The golden dawn of the Net strategist

Who is Casaleggio? Gianroberto Casaleggio was born in Milan sixty years ago, in 1954. He is the founding member of Casaleggio Associati srl (2004), a marketing and communication company that handles the tech side of 5SM. He is the undisputed leader of the movement's digital world: it is possible to talk about digital populism thanks to him. Casaleggio is an expert of Network and IT-driven economy; he is an out-and-out manager of Italian dot-com companies, Olivetti and Webegg among others; he is the ambitious headhunter34 of Beppe Grillo; after meeting Casaleggio in 2005, Grillo defined him as ‘either a mad person or an evil genius’. Casaleggio is possibly the single Italian politician to have read carefully and diligently Marshall McLuhan and Wired, the geeks’ bible. His ideological references are such as Negroponte, Philip K. Dick and Chris Anderson. His business card reads Net Strategist. His only ambitious anthropological and political project is the disintermediation of the ‘zoon politikon’: the reduction of the intermediaries available to the political animal.

Prototypes of disintermediation at the turn of the 20th century

In the last two decades, cybertech economy has transformed our conception of the flow of contemporary capitalism. Starting from the late nineties, entire established sectors of the twentieth-century’s economic system have collapsed or have been totally rethought, following the continuous development of the cybertech revolutions. Among the fields that have been disintermediated the most are music, publishing, finance, communication and the most classic of intermediation sectors: credit. Since the end of the past century, what used to occur over long economic cycles has begun to take place at a much faster pace; this is partly caused by revolutionary technological breakthroughs. In the case of the rise of MP3 – the most emblematic of all cases – this change happened over a two-year period. For example, the impact of Napster on the industrial market between 1999—2001 was incredible.35 Internet allowed the sharing among millions of people of a single musical work through peer-to-peer sharing. This rapidly erased all marketing issues, such as copyright, national and international regulations. The new standards abolished the previous ones: the sudden collapse of the music recording industry facilitated a change of the overall system economically-bound to the music world, from the label to the recording studio, the distribution, the retail trade, communication strategies, video-clip and finally phonographic media and artists’ management techniques. It is a real hi-tech revolution that has turned artificiality into reality while fostering a pirate-sharing communication of data. Such cyber-disintermediation is detrimental to established markets and it is also at work in the 5SM: a sort of Napster platform of the twenty-first century politics with Beppe Grillo and, above all, Gianroberto Casaleggio as Shawn Fanning and Sean Parker.36 Their aim is to provide a free social service to the political industry.37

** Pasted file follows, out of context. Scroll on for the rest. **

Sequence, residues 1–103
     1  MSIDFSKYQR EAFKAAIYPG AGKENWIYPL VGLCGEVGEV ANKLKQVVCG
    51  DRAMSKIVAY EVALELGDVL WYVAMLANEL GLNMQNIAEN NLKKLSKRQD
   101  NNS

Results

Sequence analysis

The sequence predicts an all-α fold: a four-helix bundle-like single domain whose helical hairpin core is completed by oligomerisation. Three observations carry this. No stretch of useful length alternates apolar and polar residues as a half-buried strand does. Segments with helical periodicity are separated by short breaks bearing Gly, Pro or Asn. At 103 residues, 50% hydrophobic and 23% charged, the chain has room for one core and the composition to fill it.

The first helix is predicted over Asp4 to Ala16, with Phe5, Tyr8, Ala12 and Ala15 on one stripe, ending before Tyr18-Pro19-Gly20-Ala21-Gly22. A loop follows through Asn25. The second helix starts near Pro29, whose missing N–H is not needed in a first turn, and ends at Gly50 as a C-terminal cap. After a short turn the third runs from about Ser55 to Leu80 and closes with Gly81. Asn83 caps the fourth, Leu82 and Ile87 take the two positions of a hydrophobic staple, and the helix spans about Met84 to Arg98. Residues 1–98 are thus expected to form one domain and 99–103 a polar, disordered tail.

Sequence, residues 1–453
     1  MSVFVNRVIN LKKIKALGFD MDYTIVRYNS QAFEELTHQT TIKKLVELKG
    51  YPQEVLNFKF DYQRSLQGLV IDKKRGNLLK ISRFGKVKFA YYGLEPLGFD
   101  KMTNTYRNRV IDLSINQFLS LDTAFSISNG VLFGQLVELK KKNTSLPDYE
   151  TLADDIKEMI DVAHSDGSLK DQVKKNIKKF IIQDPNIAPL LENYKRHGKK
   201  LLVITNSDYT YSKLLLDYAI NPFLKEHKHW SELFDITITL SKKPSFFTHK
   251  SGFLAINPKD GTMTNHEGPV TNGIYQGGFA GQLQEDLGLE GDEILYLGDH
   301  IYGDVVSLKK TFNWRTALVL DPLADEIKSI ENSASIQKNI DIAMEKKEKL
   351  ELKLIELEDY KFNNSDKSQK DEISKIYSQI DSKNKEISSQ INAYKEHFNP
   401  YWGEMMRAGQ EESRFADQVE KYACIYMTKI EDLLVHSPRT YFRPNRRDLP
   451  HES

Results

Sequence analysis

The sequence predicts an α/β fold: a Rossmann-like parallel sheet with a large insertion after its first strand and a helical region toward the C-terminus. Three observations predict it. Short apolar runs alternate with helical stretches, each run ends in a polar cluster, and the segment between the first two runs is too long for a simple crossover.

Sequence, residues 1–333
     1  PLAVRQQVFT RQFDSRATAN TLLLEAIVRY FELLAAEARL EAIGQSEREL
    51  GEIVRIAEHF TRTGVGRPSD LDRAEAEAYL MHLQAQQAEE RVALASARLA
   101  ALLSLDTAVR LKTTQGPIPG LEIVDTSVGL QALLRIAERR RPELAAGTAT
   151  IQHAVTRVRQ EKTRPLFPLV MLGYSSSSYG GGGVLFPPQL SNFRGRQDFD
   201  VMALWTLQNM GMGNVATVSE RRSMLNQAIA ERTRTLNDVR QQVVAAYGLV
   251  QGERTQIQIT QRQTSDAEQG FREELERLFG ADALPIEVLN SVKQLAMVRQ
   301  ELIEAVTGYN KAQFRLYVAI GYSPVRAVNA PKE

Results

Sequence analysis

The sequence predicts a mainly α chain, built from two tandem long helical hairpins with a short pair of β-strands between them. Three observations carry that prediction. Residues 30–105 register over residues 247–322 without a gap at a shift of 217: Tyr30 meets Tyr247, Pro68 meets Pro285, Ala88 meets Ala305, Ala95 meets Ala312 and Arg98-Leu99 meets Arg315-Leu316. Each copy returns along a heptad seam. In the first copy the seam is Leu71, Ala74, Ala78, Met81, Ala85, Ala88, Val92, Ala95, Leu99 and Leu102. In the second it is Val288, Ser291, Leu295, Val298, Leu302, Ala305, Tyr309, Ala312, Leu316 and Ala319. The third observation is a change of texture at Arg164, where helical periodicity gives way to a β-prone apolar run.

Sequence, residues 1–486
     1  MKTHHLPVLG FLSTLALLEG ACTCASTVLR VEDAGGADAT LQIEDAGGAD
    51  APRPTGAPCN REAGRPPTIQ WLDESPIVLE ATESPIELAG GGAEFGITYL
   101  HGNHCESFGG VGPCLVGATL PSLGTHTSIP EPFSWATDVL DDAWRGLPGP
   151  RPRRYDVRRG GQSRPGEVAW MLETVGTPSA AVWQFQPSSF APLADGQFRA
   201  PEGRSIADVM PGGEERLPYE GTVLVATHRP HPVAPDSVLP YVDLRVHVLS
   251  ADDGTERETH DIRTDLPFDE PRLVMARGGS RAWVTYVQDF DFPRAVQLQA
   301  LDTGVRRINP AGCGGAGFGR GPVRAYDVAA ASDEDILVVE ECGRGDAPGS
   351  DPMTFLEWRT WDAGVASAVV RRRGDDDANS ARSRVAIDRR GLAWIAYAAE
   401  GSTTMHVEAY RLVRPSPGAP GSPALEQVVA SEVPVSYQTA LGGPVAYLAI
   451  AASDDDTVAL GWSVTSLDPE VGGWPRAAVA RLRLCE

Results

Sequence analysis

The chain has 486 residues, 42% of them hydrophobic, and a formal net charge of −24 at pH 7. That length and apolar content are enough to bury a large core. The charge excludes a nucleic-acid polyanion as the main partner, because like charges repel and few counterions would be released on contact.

Disintermediation of the zoon politikon

To disintermediate the political animal – which represents the minimum unit and conscious singularity in politics – is not exactly the same as to disintermediate single sound units in the music industry. All the democratic mechanisms that have been developing for the zoon politikon in the last 2500 years – from Cleisthenes’ Boule to the Roman Senate, to the British House of Commons and the French Assemblée nationale – acted as functional, and often radical, reforms of the political representation of their subjects; thus they conformed to the social composition of their times. Those agents that act within the current representative systems – namely the political parties – are the expression of mediated territorial and social interests. Unfortunately, the general decay of Nations under the expansion of the global financial-economic machine has deprived of credibility the legislative and representative bodies, and also those organizations operating in these contexts; organised forces from other segments of society are strengthening instead. The widely addressed idea of reducing the costs of politics was born from such West weakness. But within the economic downsizing of the political-institutional subjects, another factor is at work with its own goal: the sovereignty of the world market, which is enacted by the financial-economic machine and is achievable through the de-regulation38 of economic flows and their separation from the interest of corporate nations. This factor allows for the highest level of disintermediation39, since it eliminates those intermediate administrational and representative bodies that are perceived as superfluous. If a total disintermediation has been pursued by the economic and financial capitalism for decades and has become chronic, how can digital populism contribute to it? In Its authoritarian and fascist guise, traditional populism matched the criteria of disintermediation, which were imposed at the macro level by twentieth-century industrial capitalism: in this case the figure of the dictator directly approached his people, thus avoiding social, political and institutional mediations. 40 What new figures of power can digital populism point to at the dawn of the Petabyte Age? Mr. Casaleggio suggests two answers: direct e-democracy41 and network-inspired self-creating political movement.

All models are wrong: obsolete mass parties